Legislative Affairs

Legislative Affairs

Learn how NADA Legislative Affairs protects and promotes franchised auto and truck dealerships’ interests before Congress.

Top Legislative Priorities

The Federal Trade Commission (FTC) recently finalized its Vehicle Shopping Rule “VSR” (also known as the “CARS” Rule) that would overwhelm car buyers and small businesses with needless and additional costs, paperwork and a lengthened sales process affecting over 40 million consumer vehicle transactions per year. A new study by the Center for Automotive Research (CAR) found that the rule would cost consumers more than $24.1 billion (over ten years) and add an additional 60 to 80 minutes to the car buying process and cost consumers $1.3 billion per year in lost time. The FTC finalized this rule amid ongoing congressional oversight into the agency’s vast regulatory overreach in proposing the rule, its lack of credible data-driven analysis, and significant process flaws. The FTC’s rule would make the auto buying experience worse, not better, for consumers. NADA supports efforts to stop the FTC from enforcing the VSR in the FY 2025 Financial Services and General Government (FSGG) Appropriations bill. NADA-supported language to deny FTC funding to enforce the VSR was included in the FY25 FSGG appropriations bill that passed the House Appropriations Committee on June 13.

NADA also supports the “FTC REDO Act” (H.R. 7101/S. 3014) which would stop the VSR and require the FTC to follow certain procedures to ensure the rule is the result of an informed process if it chooses to “REDO” the rule. The bill requires the FTC to 1) issue an Advance Notice of Proposed Rulemaking; 2) conduct a quantitative study on auto retailing; 3) undertake consumer testing; and 4) publish a cost benefit analysis based on actual data. The FTC failed to perform these essential steps before finalizing its rule. Members of Congress are urged to cosponsor the “FTC REDO Act” to stop the flawed VSR and prevent the FTC from needlessly imposing significant burdens and costs on consumers and small business dealers.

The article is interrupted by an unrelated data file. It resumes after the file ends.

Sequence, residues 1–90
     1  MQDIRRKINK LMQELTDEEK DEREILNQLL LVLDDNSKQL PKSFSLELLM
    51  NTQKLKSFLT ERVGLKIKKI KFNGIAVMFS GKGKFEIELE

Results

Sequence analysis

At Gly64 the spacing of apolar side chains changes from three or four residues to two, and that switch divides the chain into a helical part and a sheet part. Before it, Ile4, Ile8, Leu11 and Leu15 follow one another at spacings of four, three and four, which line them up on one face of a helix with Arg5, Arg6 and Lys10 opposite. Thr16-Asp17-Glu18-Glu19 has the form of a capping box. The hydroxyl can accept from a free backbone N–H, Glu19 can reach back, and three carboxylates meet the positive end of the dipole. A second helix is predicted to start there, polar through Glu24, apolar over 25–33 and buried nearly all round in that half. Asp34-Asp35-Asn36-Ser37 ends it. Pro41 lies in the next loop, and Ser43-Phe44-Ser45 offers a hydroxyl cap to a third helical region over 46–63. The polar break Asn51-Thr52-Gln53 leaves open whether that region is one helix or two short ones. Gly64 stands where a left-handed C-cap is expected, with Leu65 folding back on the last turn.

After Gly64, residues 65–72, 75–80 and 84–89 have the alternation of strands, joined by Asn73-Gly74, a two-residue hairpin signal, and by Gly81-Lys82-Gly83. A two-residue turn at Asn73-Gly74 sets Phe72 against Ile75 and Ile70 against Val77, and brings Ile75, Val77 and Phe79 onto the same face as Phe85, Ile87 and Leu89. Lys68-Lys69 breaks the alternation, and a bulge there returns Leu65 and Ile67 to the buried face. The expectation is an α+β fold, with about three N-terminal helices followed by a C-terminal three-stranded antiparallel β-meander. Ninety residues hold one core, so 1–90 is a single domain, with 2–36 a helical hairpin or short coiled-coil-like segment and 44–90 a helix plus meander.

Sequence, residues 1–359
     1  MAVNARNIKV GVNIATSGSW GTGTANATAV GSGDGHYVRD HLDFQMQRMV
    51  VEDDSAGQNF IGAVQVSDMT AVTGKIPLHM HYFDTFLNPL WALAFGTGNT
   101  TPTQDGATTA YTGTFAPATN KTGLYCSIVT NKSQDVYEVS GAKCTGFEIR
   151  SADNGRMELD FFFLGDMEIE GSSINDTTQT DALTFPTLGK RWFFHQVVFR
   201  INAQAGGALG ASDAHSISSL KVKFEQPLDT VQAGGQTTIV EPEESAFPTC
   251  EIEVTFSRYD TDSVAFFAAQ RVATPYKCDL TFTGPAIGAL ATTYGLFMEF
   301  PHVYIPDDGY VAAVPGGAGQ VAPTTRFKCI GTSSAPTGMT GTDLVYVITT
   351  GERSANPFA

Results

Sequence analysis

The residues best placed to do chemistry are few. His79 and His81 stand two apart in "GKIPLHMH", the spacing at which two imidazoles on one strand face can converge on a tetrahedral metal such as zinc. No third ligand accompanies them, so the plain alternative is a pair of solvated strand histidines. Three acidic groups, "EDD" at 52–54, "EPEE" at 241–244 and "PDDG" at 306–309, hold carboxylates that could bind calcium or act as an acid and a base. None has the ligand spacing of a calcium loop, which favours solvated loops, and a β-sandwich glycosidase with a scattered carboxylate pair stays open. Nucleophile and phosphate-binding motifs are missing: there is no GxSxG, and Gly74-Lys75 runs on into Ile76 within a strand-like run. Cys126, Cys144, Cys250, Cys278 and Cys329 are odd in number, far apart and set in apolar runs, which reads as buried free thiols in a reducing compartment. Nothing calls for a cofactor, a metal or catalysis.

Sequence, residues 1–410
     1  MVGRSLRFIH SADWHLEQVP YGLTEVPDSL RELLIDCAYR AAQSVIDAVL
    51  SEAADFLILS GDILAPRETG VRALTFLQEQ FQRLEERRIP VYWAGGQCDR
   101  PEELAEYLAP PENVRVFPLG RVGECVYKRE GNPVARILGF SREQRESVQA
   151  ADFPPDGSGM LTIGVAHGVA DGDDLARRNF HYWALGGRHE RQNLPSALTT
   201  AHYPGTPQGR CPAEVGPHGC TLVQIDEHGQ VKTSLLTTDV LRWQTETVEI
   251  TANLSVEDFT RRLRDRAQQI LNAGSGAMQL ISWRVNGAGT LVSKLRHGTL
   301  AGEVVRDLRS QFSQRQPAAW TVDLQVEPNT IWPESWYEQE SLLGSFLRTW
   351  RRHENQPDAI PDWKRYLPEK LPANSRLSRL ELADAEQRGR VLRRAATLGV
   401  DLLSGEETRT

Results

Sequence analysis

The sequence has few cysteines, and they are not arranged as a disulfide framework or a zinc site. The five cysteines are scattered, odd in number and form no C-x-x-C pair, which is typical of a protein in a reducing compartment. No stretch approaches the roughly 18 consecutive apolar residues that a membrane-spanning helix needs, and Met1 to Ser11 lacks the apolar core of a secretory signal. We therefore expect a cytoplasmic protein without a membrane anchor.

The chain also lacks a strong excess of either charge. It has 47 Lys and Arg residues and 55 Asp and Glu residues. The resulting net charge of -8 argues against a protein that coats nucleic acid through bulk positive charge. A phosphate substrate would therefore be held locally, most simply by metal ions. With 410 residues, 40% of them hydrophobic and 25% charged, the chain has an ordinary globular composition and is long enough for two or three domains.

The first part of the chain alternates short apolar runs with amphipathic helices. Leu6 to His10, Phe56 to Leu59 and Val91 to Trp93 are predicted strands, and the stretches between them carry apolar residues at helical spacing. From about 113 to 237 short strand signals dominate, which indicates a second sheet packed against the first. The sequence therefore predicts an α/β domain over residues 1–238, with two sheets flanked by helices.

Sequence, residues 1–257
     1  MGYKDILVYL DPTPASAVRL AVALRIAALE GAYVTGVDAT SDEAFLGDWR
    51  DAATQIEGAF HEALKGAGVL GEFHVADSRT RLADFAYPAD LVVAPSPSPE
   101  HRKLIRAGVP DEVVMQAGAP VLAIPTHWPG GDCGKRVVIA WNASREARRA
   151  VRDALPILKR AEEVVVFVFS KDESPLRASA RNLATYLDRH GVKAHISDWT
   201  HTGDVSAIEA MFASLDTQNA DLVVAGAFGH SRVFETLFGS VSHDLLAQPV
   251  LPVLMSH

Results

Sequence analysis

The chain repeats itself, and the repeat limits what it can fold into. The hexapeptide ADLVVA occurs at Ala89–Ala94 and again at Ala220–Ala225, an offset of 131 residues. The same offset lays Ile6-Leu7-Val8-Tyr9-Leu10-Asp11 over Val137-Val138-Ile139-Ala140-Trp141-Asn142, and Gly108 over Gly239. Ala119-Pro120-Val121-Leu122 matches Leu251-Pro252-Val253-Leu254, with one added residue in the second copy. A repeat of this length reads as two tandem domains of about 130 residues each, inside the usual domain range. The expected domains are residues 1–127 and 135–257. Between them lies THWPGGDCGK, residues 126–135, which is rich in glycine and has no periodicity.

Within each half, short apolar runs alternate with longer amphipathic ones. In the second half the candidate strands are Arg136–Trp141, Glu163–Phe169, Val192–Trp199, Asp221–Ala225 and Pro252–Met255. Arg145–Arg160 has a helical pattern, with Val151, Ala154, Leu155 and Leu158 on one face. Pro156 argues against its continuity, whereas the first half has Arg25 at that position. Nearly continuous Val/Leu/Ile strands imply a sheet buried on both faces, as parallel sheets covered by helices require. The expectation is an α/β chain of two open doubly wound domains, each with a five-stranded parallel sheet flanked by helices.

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The Biden Administration has finalized a new regulation that could effectively require 56% of car sales to be electric by 2032. New car and truck dealers are essential to sell and service electric vehicles (EVs) and already have spent or committed to spend $10 billion of their own capital in EV inventory and special tools, equipment, training, and recharging infrastructure needed for these vehicles. However, the charging infrastructure is not ready, the current incentives are not sufficient, and high EV prices will price out millions of consumers, particularly low-income Americans, from the new-car market.

Our experience working with consumers every day makes us highly skeptical that consumers will adopt EVs anywhere near the levels required in the Environmental Protection Agency’s (EPA) final rule. NADA supports H.J.Res. 136/S.J.Res. 75, joint resolutions which would disapprove the EPA’s Multi-Pollutant Emissions Standards for Light-Duty and Medium-Duty Vehicles for MY 2027 and Later rule. Relatedly, on April 18, NADA supported S. 4072, which would stop funding of the EPA’s de facto EV mandate rule. This bill garnered a majority of Senators with a 52-46 vote, but a 60-vote threshold was needed for passage. Significantly three Democratic Senators and an Independent voted in support. Congress should pass H.J.Res. 136/S.J.Res. 75 to stop EPA’s overly aggressive de facto EV mandate.


Advocates for “right to repair” legislation claim that independent automotive repair shops do not have access to the parts or data necessary to repair vehicles. However, this concern was rectified by a 2014 Memorandum of Understanding, signed by “right to repair” proponents and auto manufacturers. Today, the information independent shops need to repair vehicles is readily available from every auto and truck manufacturer. H.R. 906 has little to do with repairing a vehicle; instead, the bill compels auto and heavy-duty truck manufacturers to provide any “aftermarket parts manufacturer” the information necessary “to produce or offer compatible aftermarket parts,” i.e., parts not made by the auto or truck manufacturer. This legislation would also give any third-party remote, bidirectional access to consumer data from vehicles, which raises significant privacy, cybersecurity, and automotive safety concerns.

H.R. 906 is also built on a faulty premise that independent repair shops are at risk, even though these businesses currently perform more than 70% of all non-warranty repairs. Despite numerous concerns over this legislation articulated on a bipartisan basis by members of the House Subcommittee on Innovation, Data and Commerce, that subcommittee reported out this legislation by voice vote on Nov. 2. NADA and other industry stakeholders submitted a coalition letter opposing this fundamentally flawed legislation. Members of Congress are urged not to cosponsor or vote for H.R. 906.  



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NADA Legislative Affairs Staff

About Legislative Affairs

Learn how NADA Legislative Affairs protects and promotes franchised auto and truck dealerships' interests before Congress. Find the latest legislation affecting the automotive retail industry, including issues such as auto finance, tax policy, vehicle commerce, fuel economy and the environment, as well as grassroots.